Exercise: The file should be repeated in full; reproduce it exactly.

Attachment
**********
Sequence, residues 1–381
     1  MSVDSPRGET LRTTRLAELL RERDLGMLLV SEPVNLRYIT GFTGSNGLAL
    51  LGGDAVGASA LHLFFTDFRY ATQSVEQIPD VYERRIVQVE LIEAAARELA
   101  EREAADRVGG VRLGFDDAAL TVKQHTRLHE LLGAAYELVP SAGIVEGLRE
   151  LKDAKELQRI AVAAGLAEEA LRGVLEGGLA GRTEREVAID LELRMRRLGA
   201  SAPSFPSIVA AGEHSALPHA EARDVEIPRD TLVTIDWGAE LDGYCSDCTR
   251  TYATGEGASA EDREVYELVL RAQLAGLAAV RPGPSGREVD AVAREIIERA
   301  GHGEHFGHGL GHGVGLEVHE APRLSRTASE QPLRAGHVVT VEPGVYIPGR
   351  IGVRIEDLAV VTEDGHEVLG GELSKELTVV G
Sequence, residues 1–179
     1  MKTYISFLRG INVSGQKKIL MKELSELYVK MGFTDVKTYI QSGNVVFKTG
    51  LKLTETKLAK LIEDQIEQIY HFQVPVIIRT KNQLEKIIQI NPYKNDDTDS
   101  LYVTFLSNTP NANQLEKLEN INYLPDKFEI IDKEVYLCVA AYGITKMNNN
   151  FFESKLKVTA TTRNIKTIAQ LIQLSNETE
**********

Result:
Sequence, residues 1–381
     1  MSVDSPRGET LRTTRLAELL RERDLGMLLV SEPVNLRYIT GFTGSNGLAL
    51  LGGDAVGASA LHLFFTDFRY ATQSVEQIPD VYERRIVQVE LIEAAARELA
   101  EREAADRVGG VRLGFDDAAL TVKQHTRLHE LLGAAYELVP SAGIVEGLRE
   151  LKDAKELQRI AVAAGLAEEA LRGVLEGGLA GRTEREVAID LELRMRRLGA
   201  SAPSFPSIVA AGEHSALPHA EARDVEIPRD TLVTIDWGAE LDGYCSDCTR
   251  TYATGEGASA EDREVYELVL RAQLAGLAAV RPGPSGREVD AVAREIIERA
   301  GHGEHFGHGL GHGVGLEVHE APRLSRTASE QPLRAGHVVT VEPGVYIPGR
   351  IGVRIEDLAV VTEDGHEVLG GELSKELTVV G
Sequence, residues 1–179
     1  MKTYISFLRG INVSGQKKIL MKELSELYVK MGFTDVKTYI QSGNVVFKTG
    51  LKLTETKLAK LIEDQIEQIY HFQVPVIIRT KNQLEKIIQI NPYKNDDTDS
   101  LYVTFLSNTP NANQLEKLEN INYLPDKFEI IDKEVYLCVA AYGITKMNNN
   151  FFESKLKVTA TTRNIKTIAQ LIQLSNETE